Sunday, June 28, 2009

Dialing in the Q.

I ended up pulling a really late shift at work and this wrecked my preparation for the trip. This can really set an angler back on their heels. Rather than prepping the battery and loading the motor the night before, I ended up pulling a dead battery out of storage. With no time to recharge it I face a good deal of rowing.

Reach the lake an hour behind schedule. Check in, rent the boat and head out. Wind was already building and I knew this would be a force to be reckoned with. Once off the dock I toss out the senko and then reposition the boat with the oars. I reel in and feel a steady tug.

“It feels like a nice fish.” I say cranking down. The line goes limp. “Missed him.”

Move down a little ways further and this time I cast out the jig combo. BAM! Another solid strike and this time I land a solid hookset. The fish makes a run to deeper water. Big mistake. He’s running right at me. I crank the reel quickly to manage the slack. That is when the fish sees me and turns the other direction. Two short bursts of energy as the fish tries to escape and then the grab.

(Above: Brute bucket photo with the rig in his face. Quick photo op and release.)

It was a brute of a fish with an ugly mug. A lot of fish show signs of abuse. Even my shameless photo ops take their toll. Some quick photo and video work and release.

This spot coughed up two more fish. A largemouth in the 14’er range and a smallmouth that was about 11-inches. These are not keeper-sized fish by any means but they help me figure out what is working and what is not. Here the fish were telling me that black and blue combos were the ticket.

(Above: Here’s the smallmouth. He’s just about to graduate from snack size and into the ranks of respectable fish. Good luck little buddy!)

Looking for shelter from the wind I tuck into a secluded cove with a tall tree line of cottonwood. Cottonwood trees are releasing sheets of cotton-like material right now. It can be a real pain to fish through but fish through it is all you can do.

The cove was a bit shallow and the weed matte was very thick. The jig wouldn’t last five seconds in this muck and would work more like an anchor than a fishing lure. A few search casts with the senko in the secluded cove and Wham! I feel the thump on the line like a jolt of electricity. My forearm swings back on my elbow and sets the hook solid. The fish comes up out of the water in a brilliant display of water acrobatics. It lands with a splash and goes right into the muck on the bottom of the lake and stayed put.

A shorebanger might have tried to force the fish out and easily broke the fish off. With a boat you have the advantage of getting right on to of the fish and reversing the direction. This is exactly what I did and the fish popped right out. I had closed the gap giving the fish very little area to maneuver. A few short bursts and the fish was in my hand. Another sturdy bucket.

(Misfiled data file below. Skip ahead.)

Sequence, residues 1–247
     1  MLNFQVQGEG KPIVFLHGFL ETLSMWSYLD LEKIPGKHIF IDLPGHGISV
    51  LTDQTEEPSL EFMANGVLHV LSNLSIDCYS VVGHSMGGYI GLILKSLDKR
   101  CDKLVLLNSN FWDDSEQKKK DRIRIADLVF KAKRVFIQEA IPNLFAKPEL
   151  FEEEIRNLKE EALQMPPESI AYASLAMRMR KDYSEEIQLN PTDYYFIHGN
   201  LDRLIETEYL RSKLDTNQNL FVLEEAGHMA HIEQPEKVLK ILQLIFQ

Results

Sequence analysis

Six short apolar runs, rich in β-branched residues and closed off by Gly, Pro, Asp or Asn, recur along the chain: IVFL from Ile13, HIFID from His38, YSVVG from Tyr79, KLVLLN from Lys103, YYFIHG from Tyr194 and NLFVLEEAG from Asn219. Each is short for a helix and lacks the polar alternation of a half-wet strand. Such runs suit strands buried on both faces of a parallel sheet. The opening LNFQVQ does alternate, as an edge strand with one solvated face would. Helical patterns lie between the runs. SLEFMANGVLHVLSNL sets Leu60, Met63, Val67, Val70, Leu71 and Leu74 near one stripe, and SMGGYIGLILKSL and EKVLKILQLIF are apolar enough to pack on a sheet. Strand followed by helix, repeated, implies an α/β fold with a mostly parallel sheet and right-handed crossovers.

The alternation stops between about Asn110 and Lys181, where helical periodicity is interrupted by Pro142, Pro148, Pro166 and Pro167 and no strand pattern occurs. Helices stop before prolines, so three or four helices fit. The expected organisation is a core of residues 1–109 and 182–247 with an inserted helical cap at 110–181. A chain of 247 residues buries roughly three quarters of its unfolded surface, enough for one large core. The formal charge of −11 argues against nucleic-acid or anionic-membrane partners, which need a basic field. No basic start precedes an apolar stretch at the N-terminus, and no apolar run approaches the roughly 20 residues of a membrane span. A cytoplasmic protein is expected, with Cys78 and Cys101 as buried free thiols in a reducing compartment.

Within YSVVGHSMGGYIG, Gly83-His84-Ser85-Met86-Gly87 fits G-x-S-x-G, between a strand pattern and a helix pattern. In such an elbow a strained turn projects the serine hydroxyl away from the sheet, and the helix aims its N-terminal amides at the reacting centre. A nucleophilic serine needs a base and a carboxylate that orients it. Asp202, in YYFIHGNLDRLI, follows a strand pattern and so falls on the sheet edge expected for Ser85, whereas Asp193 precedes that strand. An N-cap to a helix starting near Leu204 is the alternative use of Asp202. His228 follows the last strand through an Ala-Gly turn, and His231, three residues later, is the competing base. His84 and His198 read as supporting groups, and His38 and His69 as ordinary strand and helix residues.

(Above: Not the best angle but you get the idea. Another nice keeper size bucket. Catch and release!)

The boat was rowed along this side of the lake and I missed another fish that might have been 15 or 16-inches. A few guys are still clinging to nests but most of the fish seem to be trying to brush off that post spawn slugginess. The fish seem to be a bit more active than just a few days ago. Thank goodness!

By now the clock has been ticking for a while and time is running out. This day was setup with a time limit. But those of you that know me understand I have an addiction to panfish and I will seek to abuse these little morsels regardless of my primary target for the day. Near the island structure, hundreds if not thousands of perch will congregate. They do this all over the lake but the island is an easy geographic point to relate too. I spend a few minutes here just hammering the little perch. The senko would get tossed out and the fish would follow it in a small cloud. I would then toss out the panfish rig and pick them off by the bushel. These fish are pretty lean looking unless in spawn form. Check out the quality of the pictures from the camera that I borrowed. Some of the functions are a bit different but man…superb quality.

(Above: Perch may be my least favorite species as they displace bluegill and other panfish that I find far more desirable. But even these fish can rock the panfish party.)

1PM was the cut off time. Not just for the fishing trip but because they charge you by the hour to rent the boat. Pulling back into the dock I had counted 8 bass, 5 of which were respectable/keeper size. I didn’t bother taking weights and scaling the fish as it takes time. The fish put up with a lot from me already so a fish has to be completely OMG before they get the full extent of my wrath. The total for the 5 would have easily been between 13 and 15lbs. Not too shabby. Being able to do this consistently here in the same three to four hour time frame is the overall goal.

The Q is a good sized lake with a lot of different structure types and varying conditions. An angler doesn’t dial this place in on the first or second trip. Each time out here puts a few more pieces to the puzzle.

My name is Matt and I’m a fishaholic.

1 comment:

Don said...

Great story on the Q Matt and great looking fish...we need to get out there and shoot another MAD episode!!